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Why study in Mexico? Ask Antonio

ortegaWho wouldn’t want to spend a semester in the “city of eternal spring”? Ask Antonio Ortega, a staff member at the Center for Global Education’s study site in Cuernavaca, Mexico. “I think students have been to Cancun or Acapulco and think ‘I’ve been there, done that.’ They think Mexico, as a place to study, is not as interesting as Europe or South Africa,” he said.

However, in addition to offering beautiful weather and mosquito-free nights, Antonio says Cuernavaca is an excellent location for students to learn about LGBT rights, the feminist movement in Mexico, environmental issues, or business and trade. Cuernavaca is also noted for its innovative grassroots organizations, alternative approaches to health care and education, and for its role in the history of social struggle. “And we have really great food,” he added.

Antonio, who has been on the Mexico staff for five years, is in Minneapolis until December to recruit students for the Center’s semester programs in Mexico. He has been enjoying life as a temporary resident of the Seward neighborhood and traveling the Midwest participating in study abroad fairs.

At the Cuernavaca site, Antonio teaches Mexican and Mesoamerican history. He believes it is important for students to understand Latin American history so that they may be more culturally competent. “The Latino presence in the United States is huge now, and these students will have to deal with Latinos in their professional fields.”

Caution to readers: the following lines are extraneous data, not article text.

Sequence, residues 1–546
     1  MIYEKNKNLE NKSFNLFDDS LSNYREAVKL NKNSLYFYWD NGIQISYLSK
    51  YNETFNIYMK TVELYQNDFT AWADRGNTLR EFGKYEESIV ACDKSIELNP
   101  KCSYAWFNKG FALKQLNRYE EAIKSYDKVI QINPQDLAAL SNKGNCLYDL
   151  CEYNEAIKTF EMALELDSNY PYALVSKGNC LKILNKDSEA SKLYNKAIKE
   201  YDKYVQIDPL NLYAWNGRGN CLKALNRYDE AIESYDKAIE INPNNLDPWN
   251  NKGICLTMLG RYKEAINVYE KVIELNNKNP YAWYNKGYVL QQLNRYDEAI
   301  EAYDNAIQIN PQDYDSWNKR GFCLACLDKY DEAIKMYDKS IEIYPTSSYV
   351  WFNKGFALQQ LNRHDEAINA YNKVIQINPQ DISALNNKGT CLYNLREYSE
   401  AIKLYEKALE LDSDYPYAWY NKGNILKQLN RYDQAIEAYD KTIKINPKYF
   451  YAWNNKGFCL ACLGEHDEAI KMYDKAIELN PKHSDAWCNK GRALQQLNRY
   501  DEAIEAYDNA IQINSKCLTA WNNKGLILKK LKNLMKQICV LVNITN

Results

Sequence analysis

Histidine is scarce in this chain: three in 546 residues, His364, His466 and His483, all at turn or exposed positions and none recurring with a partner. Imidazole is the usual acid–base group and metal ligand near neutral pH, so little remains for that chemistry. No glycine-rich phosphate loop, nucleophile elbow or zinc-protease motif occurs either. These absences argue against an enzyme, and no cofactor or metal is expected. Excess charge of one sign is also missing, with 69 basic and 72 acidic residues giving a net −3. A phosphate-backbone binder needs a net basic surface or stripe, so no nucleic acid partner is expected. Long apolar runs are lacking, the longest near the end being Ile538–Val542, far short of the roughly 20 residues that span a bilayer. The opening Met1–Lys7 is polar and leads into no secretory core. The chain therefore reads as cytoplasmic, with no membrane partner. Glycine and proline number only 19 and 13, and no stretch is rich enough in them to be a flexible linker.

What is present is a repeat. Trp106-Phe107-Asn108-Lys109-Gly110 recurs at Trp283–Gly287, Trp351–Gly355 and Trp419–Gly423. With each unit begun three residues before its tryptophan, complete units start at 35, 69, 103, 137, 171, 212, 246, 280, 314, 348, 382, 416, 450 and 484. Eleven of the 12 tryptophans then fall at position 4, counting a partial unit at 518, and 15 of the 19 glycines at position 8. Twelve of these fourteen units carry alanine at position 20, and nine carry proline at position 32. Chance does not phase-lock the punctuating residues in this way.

He will also teach in the Center’s new business program, “International Business and Global Citizenship,” starting in the fall of 2009.

Antonio suggests that students study in Mexico because to obtain at least a basic grasp of the Spanish language and an introduction to Latin American culture in order to work with Latinos in the United States. The Center for Global Education partners with a well-known language school in Cuernavaca to provide more than 15 Spanish offerings, including speical classes for health care and for business. In addition, students may focus their semester program in one of several areas such as gender studies, women’s studies, business, environmental studies, or religion through an internship. Finally, Antonio says students should come to Cuernavaca to see the newly remodeled facilities and to escape the Midwestern winters.

As a gay activist in Mexico and in Morelos, the state in which Cuernavaca is located, Antonio says he is proud of Augsburg’s achievements in the area of gay activism and LGBT education. He will speak about the history of the LGBT movement in Mexico at the Nov. 4 Soup and Sexuality presentation. He has been involved for several years with Grupo CD4, a sexual education and AIDS prevention organization in Curenavaca. Many students who come to Cuernavaca, both for semester and short-term programs, learn about Grupo CD4 and other Mexican social justice movements.

Students interested in a semester study abroad program for the 2009-2010 academic year must apply by November 1. For more information, go to or stop into the Center for Global Education offices in Murphy Place.

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